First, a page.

Ireland's long season came to a shuddering halt in Cape Town yesterday, leaving Eddie O'Sullivan and his men at an all-time low.
Defeat in the Second Test at Newlands means Ireland head for home tonight still never having beaten the Springboks on South African soil. All the high hopes held by this Irish squad when they set out for South Africa as Triple Crown winners and conquerors of England have evaporated in the space of seven days.
There must be major questions asked, not only about how good this Irish squad really iare, but about this trip in general.
Some things went on during Ireland's time in the Republic which smacked of unprofessional preparation. The decision to base the squad in Cape Town and fly up to altitude at Bloemfontein for the First Test backfired badly. Then, before yesterday's match, it was revealed that the Irish squad had not made a collective visit to the Cape Town stadium during the week's build-up, in order to familiarise themselves with their surroundings.
Those ought to have been simple decisions of policy. But Ireland appear to have got them badly wrong.
It was a disturbing sight to see Ireland outmuscled in the set scrums for the second Saturday in succession. The tighthead prop, John Hayes, was unable to lock his scrummage, which meant that his scrum-half, Peter Stringer, was always under heavy pressure from the Springbok back row. Even when Ireland did secure ball, it was often far too slow to be of any real use. The early loss of full-back Girvan Dempsey was a blow, but his replacement, Gavin Duffy, produced some heroics in defence to earn his corn.
O'Sullivan said after the match. "I cannot fault my boys today, they gave it their best shot. But perhaps we are not as far forward as we had thought we were.
"Certainly, I am very disappointed to be going home without at least a share of the Test series and a little bit of history as the first Irish side to win a Test match in South Africa. We thought we could do it, but it was not be."
O'Sullivan refused to make excuses for the crushing disappointment which this tour has represented. But he will doubtless ask questions of certain players who failed to lift themselves for the challenge. Whether that was because they are basically worn out after playing 18 Test matches inside 12 months will be a matter that is hotly debated. But you can be sure the inquest into this tour will be long and painful, and that it represents a major setback for Irish rugby.
Players like Hayes, Stringer and Ronan O'Gara may be under pressure for their places at home next season, after poor performances here. When the Ulster fly-half David Humphreys replaced O'Gara after 55 minutes the whole flavour of the game changed, with Ireland snatching a try which cut the South African lead to just six points. Humphreys made it with a beautiful chip to the South African line, where Brian O'Driscoll followed up to score, and the fly-half was a revelation to supporters of O'Gara.
But Ireland did not quite have the quality, class or composure to complete what would have been a sensational comeback. And as they struggled to assert any authority in the scrums it became a frustrating encounter, hard as Irish forwards like David Wallace, Shane Byrne, Anthony Foley and Paul O'Connell grafted.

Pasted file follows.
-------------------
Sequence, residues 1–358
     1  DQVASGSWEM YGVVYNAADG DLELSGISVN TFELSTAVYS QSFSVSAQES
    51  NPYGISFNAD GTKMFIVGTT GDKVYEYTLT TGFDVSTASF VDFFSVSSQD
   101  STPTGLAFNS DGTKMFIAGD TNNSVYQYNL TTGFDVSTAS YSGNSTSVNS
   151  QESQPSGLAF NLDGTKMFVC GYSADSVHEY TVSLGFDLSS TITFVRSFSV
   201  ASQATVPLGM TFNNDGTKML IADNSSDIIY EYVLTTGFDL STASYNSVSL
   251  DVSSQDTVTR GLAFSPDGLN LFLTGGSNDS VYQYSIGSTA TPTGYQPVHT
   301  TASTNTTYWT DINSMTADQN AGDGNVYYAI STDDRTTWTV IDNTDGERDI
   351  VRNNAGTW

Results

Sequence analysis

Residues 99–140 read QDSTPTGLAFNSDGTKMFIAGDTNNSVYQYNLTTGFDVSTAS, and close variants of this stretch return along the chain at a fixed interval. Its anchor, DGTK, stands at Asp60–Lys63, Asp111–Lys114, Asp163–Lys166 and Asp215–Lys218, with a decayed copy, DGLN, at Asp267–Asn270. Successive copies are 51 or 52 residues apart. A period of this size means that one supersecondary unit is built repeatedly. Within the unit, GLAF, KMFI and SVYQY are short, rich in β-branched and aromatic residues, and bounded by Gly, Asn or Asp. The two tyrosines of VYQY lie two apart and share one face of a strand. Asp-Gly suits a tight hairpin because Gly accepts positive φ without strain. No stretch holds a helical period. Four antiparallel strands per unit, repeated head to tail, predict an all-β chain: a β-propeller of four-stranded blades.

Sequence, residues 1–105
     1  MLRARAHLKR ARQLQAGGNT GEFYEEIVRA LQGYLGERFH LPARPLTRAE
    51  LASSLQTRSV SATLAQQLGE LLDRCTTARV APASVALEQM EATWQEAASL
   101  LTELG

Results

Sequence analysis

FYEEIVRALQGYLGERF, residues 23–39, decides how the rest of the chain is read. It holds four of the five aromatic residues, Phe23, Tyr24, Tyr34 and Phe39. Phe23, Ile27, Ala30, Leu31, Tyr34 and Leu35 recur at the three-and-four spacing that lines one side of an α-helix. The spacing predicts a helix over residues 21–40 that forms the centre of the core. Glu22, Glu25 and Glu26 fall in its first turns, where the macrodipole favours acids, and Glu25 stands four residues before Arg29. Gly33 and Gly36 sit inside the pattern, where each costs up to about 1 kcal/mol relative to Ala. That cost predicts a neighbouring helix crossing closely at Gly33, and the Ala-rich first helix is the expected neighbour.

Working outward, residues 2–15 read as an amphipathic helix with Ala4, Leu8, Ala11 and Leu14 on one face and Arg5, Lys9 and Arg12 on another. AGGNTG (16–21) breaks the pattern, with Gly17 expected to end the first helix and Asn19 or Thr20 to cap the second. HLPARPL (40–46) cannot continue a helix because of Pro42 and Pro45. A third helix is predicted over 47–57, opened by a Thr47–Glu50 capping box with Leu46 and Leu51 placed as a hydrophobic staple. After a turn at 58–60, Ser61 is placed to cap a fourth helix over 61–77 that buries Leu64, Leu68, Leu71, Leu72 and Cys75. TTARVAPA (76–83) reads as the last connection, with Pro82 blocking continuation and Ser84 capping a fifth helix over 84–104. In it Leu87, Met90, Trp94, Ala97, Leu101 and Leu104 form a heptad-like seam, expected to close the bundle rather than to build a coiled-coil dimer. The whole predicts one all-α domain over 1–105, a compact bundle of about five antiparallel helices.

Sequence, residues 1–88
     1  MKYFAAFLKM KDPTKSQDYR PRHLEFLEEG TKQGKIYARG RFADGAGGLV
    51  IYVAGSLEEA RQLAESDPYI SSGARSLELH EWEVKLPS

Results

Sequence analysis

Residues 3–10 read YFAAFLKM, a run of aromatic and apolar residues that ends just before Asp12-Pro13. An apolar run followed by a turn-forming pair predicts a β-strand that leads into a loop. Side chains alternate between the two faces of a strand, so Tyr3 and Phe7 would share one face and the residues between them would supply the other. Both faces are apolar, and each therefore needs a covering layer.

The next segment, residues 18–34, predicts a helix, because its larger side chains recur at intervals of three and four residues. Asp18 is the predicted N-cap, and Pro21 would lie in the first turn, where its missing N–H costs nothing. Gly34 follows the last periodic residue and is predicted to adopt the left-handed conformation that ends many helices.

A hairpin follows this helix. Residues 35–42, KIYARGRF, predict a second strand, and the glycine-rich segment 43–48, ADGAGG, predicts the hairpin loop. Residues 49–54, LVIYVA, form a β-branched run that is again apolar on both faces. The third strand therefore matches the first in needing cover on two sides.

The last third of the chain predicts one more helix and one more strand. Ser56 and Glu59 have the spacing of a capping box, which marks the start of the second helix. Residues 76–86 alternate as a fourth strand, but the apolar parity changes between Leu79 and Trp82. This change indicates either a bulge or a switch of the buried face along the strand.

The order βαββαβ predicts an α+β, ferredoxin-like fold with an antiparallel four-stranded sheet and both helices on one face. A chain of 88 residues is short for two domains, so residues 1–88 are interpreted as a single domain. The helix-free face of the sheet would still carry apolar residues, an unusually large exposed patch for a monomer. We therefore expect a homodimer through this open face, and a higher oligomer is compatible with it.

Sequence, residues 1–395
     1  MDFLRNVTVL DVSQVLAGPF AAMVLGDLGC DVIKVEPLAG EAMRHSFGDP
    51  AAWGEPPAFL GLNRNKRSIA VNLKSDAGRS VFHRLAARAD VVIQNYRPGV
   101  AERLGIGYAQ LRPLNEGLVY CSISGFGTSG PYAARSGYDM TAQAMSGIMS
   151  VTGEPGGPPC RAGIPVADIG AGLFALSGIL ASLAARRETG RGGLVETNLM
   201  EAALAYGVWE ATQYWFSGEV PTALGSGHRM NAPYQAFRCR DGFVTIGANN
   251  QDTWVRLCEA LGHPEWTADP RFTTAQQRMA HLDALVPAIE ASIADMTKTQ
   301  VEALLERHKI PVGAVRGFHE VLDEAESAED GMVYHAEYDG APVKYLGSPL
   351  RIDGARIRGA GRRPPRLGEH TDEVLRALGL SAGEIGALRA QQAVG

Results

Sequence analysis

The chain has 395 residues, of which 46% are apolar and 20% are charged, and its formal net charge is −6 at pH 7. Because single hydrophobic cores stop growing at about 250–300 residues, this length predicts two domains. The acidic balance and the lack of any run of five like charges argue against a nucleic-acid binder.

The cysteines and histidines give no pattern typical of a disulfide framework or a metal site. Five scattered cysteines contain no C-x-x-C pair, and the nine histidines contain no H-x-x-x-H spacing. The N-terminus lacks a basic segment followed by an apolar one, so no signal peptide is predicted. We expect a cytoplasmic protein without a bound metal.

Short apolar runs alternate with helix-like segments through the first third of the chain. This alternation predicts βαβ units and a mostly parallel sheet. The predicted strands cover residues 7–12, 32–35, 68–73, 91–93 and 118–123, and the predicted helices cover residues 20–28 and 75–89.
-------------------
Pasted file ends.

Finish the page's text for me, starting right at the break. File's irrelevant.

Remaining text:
Ireland dominated the first 20 minutes and led through Tyrone Howe's seventh minute try, brilliantly created by O'Driscoll's floated pass over the defence. O'Gara converted but South Africa hit back when their wing, Breyton Paulse, stood up O'Driscoll on a one-on-one and scuttled into the corner for a try. Goal-kicking dominated the rest of the half, the recalled full-back Percy Montgomery kicking two penalties and converting Paulse's try.
Montgomery had a fine game, but not as superb as that of the flanker Schalk Burger, who drove constantly into the heart of the Irish defence, with outstanding power and control.
The other home wing, Jacques Fourie, was worked over in the corner just before half-time and Montgomery's twice-taken conversion made it 20-7, until a snap O'Gara drop goal narrowed the lead at the break. Montgomery landed another penalty after 51 minutes and at 23-10, the game seemed to be South Africa's.
But Humphreys threatened to stand the Test on its head and the Springboks struggled, until Montgomery's final penalty with the last kick of the match sealed their win.
South Africa: P Montgomery (Dragons); B Paulse (Stormers), M Joubert (Stormers), W Julies (unatt), J Fourie (Lions); J van der Westhuyzen (Leicester), F du Preez (Bulls); O du Randt (Cats), J Smit (Sharks, capt), E Andrews (Stormers), Q Davids (Stormers), V Matfield (Bulls), S Burger (Stormers), P Wannenburg (Bulls), J Cronje Bulls). Replacements: B Russell (Sharks) for Fourie, 35; CJ van der Linde (Cats) for Andrews, 45; G Britz (Lions) for Wannenburg, 70; G Cronje (Bulls) for Davids, 71.
Ireland: G Dempsey (Leinster); S Horgan (Leicester), B O'Driscoll (Leinster, capt), K Maggs (Bath), T Howe (Ulster); R O'Gara (Munster), P Stringer (Munster); R Corrigan (Munster), S Byrne (Leinster), J Hayes (Munster), M O'Kelly (Leinster), P O'Connell (Munster), S Easterby (Llanelli), D Wallace (Munster), A Foley (Munster). Replacements: G Duffy (Harlequins) for Dempsey, 18; G Easterby (Rotherham) for Stringer, 55; D Humphreys (Ulster) for O'Gara, 55; M Horan (Munster) for Corrigan, 60; D O'Callaghan (Munster) for O'Kelly, 74; A Quinlan (Munster) for S Easterby, 75;
Referee: J Jutge (France).Reuse content